Colorado Governor Hickenlooper stated last week that he believes healthcare reform can be successful even without a mandate. We’ll know later this month what the Supreme Court decides as far as the constitutionality of the individual mandate and the fate of the rest of the ACA if they determine that the individual mandate cannot be included in the law. But Governor Hickenlooper is obviously committed to some form of healthcare reform in Colorado, regardless of how things shake out on a national level.
Hickenlooper addressed an international conference of wellness experts yesterday in Aspen, and said that although he has concerns about the downsides of becoming a “nanny state”, he believes we need to take some significant measures in order to improve the overall health of the Colorado population – if for no other reason than the significant economic impact of poor health and obesity. Even though Colorado is still the leanest state in the US, the percentage of obese adults has been steadily increasing over the past two decades, and it climbed above 20% last year for the first time.
Although Hickenlooper didn’t discuss any Colorado-specific plans with regards to taxing or banning super-sized sodas or other junk food, he mentioned Mayor Bloomberg’s initiatives in NY to ban sodas larger than 16 ounces in places like restaurants and movie theaters. He spoke of his general opposition to such laws (presumably because they can be seen as the state meddling too much in personal affairs), but noted that “… if we don’t begin looking at certain things like that, the costs are going to be enormous.”
The things that Governor Hickenlooper did address specifically were on the positive end of the spectrum – more carrots, fewer sticks. Rather than banning or taxing bad habits and/or junk foods, the governor is advocating programs to increase physical education and recess time in schools, encourage more bike commuting, and improve access to better quality food options and medical homes for low income families. He noted that while Colorado is the leanest (and one of the healthiest) state in the US, it’s not because of any state programs. Rather, Colorado’s amazing outdoors tends to attract young, healthy, fitness-oriented people. Governor Hickenlooper considers us lucky to be in that position, but believes that we need to take it a step further and implement programs to address obesity and wellness in general.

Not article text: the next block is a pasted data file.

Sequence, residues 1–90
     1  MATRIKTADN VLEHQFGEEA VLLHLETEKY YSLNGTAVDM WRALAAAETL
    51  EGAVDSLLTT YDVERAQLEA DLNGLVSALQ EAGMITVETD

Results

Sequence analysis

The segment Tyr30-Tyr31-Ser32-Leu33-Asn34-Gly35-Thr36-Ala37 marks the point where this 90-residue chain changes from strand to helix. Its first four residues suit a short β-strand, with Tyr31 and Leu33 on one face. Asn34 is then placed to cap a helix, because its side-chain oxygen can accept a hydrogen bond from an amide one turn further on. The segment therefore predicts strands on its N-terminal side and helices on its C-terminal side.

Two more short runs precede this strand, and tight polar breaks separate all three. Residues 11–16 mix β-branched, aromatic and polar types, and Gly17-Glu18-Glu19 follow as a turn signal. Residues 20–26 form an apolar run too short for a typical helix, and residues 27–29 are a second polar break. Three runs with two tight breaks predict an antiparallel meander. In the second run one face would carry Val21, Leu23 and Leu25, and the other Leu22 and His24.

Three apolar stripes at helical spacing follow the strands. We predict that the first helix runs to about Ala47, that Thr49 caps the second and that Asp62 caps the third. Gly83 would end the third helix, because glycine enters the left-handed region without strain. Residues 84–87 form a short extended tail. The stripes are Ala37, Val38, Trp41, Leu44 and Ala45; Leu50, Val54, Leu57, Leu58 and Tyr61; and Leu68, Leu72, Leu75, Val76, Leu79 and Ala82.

In a similar vein with his talk last week regarding the ability of healthcare reform to succeed even if the individual mandate is struck down, Hickenlooper noted that regardless of the fate of the ACA, Colorado has to move forward with healthcare reform on a state level in order for the state to be economically viable in the long term. He also mentioned the fact that HHS has given him a green light to work out state-specific programs to address healthcare costs and expand coverage to more people. HHS Secretary Sebelius told Hickenlooper that HHS will work with the state to grant whatever waivers are necessary if Colorado can come up with its own unique ways to reduce costs while insuring the whole population.
Colorado has been a leader in healthcare reform for some time. There was the Blue Ribbon Commission that provided numerous recommendations four years ago – many of which are also in the ACA. Then Colorado banned gender-specific health insurance pricing and began requiring maternity coverage on all new and renewing individual health insurance policies. The state got out of the gates quickly when it came to getting the ball rolling on the creation of a health benefits exchange, and we’ve also received significant federal grants thanks to the state’s efforts to expand public health insurance to more people.
Even if the individual mandate (or even the entire ACA) is struck down by the Supreme Court, I would say that Colorado will continue working to find ways to insure more residents, improve the health of the state’s population, and lower healthcare costs.